But to me it's much much better to pull back a lighter poundage that may be slower but can shoot it very well many times than a bow that's too much weight and have to struggle to pull it back or you can't pull it straight back many times and not shoot so well because thst extra speed don't mean a thing if you wound an animal or miss itno matter how fast your bow's shooting. And if you're pulling too much weight what'll happen is in Colder weather or when a big buc walks in front of you, you won't be able to pull your bow back, ther was some guys that my gramdfather knew that he took out to Colorado that could shoot pretty good and they'd have an elk come up on them wether or not it was bugling and they coudn't pull their bow back.
    And to me the best way to get your bow muscles stronger is to just shoot your bow, if your bow is pretty easy for you to pull back then crank it up a pound and shoot it for a while, and once it gets just as easy before you cranked it up then do it again and just keep up with it until you have no more turns left on your limbs and just shoot it up, that's what I did and when I got back from Colorado this year I had my bow cranked up a full turn more on each limb (approximately 2#-2.5#) in maybe 2 weeks actually not even that long and I'm still crankin' on it.
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  10. #10
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    This is how I check peoples draw weight.
    Quote Originally Posted by erictski View Post
    be able to draw your bow sitting down or kneeling easy...best test sit on a chair with feet off the ground and do it...
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  11. #11
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    If you're a target shooter, you should be able to make 200 shots a day, and 10 in 5 minutes, and your last shot is as good as your first. That way you'll be able to handle any tournament, and more.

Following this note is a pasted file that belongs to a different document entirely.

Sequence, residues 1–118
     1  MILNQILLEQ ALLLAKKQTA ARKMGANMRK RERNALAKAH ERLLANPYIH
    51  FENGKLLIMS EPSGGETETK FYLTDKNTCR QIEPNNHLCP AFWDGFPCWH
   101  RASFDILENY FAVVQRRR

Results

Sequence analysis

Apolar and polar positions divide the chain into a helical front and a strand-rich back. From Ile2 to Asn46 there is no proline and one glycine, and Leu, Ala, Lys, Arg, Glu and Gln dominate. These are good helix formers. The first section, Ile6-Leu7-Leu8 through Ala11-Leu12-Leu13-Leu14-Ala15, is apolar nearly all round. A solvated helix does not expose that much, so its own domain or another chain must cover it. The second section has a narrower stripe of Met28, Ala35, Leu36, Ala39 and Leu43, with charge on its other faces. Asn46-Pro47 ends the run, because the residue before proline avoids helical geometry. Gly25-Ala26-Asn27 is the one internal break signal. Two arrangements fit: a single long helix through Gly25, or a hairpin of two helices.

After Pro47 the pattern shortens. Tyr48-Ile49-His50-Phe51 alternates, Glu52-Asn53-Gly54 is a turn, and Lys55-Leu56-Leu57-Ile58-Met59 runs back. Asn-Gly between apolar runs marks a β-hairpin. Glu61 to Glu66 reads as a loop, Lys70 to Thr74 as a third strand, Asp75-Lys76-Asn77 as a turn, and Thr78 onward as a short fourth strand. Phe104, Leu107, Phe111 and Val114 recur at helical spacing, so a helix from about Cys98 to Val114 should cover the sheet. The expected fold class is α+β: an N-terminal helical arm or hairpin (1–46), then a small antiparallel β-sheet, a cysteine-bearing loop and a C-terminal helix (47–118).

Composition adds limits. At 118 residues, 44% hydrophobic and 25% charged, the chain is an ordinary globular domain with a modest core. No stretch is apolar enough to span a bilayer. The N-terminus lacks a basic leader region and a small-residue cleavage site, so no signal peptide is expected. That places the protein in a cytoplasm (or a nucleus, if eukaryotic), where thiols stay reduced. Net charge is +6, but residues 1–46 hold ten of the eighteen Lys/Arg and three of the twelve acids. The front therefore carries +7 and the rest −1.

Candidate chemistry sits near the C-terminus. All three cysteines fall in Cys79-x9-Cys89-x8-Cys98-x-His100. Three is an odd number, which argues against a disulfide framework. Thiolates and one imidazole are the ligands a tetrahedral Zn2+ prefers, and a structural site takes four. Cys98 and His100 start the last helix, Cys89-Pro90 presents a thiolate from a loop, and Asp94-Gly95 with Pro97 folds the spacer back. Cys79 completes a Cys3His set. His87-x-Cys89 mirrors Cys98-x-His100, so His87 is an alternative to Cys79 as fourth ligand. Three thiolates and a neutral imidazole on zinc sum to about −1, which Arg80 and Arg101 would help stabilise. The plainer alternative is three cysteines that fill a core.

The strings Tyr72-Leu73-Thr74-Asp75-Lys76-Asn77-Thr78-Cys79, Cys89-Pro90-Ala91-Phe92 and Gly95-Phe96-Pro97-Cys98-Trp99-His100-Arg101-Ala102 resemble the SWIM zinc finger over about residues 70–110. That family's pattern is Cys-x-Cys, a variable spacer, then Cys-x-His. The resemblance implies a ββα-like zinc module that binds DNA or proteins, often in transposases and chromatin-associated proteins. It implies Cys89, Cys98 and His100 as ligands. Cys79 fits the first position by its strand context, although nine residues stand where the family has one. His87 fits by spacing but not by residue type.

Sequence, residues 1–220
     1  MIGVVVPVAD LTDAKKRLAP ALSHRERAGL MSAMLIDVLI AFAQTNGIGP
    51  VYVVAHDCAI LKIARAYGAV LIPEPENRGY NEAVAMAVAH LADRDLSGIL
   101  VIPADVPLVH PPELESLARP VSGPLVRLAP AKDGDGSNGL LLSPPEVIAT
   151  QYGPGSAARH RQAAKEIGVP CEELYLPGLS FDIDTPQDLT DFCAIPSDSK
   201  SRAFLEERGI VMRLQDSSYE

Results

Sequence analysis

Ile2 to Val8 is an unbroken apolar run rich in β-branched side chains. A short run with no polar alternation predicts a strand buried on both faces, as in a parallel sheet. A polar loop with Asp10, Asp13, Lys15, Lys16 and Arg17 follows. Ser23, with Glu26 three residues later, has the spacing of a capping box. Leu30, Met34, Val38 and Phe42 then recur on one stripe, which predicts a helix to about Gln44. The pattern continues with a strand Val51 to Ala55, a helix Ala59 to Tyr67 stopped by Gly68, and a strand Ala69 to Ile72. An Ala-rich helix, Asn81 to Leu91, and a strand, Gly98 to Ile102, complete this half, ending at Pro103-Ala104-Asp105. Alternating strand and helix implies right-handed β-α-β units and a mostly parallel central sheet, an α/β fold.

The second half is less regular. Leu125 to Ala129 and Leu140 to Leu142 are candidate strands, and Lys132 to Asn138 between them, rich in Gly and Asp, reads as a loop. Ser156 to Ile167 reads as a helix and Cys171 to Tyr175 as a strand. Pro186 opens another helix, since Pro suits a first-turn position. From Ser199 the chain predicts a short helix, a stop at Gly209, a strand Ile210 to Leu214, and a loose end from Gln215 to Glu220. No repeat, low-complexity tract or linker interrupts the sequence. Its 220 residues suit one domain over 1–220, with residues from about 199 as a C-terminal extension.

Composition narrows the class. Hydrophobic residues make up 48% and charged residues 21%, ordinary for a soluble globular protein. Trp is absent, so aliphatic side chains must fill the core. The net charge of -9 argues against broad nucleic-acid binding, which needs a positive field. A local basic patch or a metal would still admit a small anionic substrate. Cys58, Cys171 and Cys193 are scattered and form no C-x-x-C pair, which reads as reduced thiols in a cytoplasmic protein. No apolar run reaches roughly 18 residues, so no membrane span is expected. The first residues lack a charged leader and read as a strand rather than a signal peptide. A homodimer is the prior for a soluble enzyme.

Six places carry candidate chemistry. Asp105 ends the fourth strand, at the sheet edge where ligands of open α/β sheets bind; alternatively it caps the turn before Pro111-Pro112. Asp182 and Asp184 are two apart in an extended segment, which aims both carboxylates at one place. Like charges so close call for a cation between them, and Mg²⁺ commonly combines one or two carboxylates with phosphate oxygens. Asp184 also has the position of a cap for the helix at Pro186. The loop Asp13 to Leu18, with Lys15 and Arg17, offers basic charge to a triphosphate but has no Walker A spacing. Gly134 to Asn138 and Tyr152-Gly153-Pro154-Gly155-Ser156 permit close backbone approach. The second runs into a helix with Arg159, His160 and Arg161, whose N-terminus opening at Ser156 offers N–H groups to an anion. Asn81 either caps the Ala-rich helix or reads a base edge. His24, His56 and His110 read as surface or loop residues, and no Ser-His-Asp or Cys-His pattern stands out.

If you're a 3D shooter, you can go higher in weight, so make that 60-80 shots a day.

    If you're a hunter, you need to be able to draw the bow smoothly without struggling and getting "busted", from any reasonable position, at all sorts of angles, after sitting motionless for several hours in cold weather.

  12. #12
    I check my draw weight by sitting in a chair and holding legs up and drawing bow back. If i struggle i turn it down. This is going to be way different when sitting in a stand because you wil probbaly have been sitting there for a while and will be cold. So i go to a comfortable weight and turn down just a little. I probably sound like everybody else, but if 40# is approved by the state than that is all you need to harvest an animal. IMO

  13. #13
    Quote Originally Posted by erictski View Post
    be able to draw your bow sitting down or kneeling easy...best test sit on a chair with feet off the ground and do it...
    I have seen replies quoting this childish proposition on many occasions on the AT forum. A good parallel to this would be asking a gymnast who can easily complete 100 Normal press ups, continuously, Can you do the same on one finger, each hand?. Alternatively, asking a gymnast who can do 100 pull ups continuously, Can you do this 2 fingers , each hand?. Your body is not designed to do things like this. You are given 2 hands with five fingers each to spread such stress correctly. Use them. Equally and particularly important for Archery, you are given two strong legs ( have to be to support your full body weight) and distribute this weight to keep correct pressure on your skeleton to reduce undue wear. Please do not listen to people who try to tell you that if you cannot draw your bow as stated in the quote, that the draw weight is too heavy for you.This is nonsense and is akin to a trick shot archer holding a bow with his feet and shooting lying down. There are one or two people who can do this, but they will never win Vegas. The only test as to whether your selected draw weight is beyond your ability or not is purely down to repetition.How many times can you shoot an arrow before your get tired and your draw gets shaky. Your own body will tell you just like it does when you are feeling ill and need to call in sick and see the doc. Just listen to it and you will know your draw weight ,keeping both feet firmly on the ground and you spine fully intact.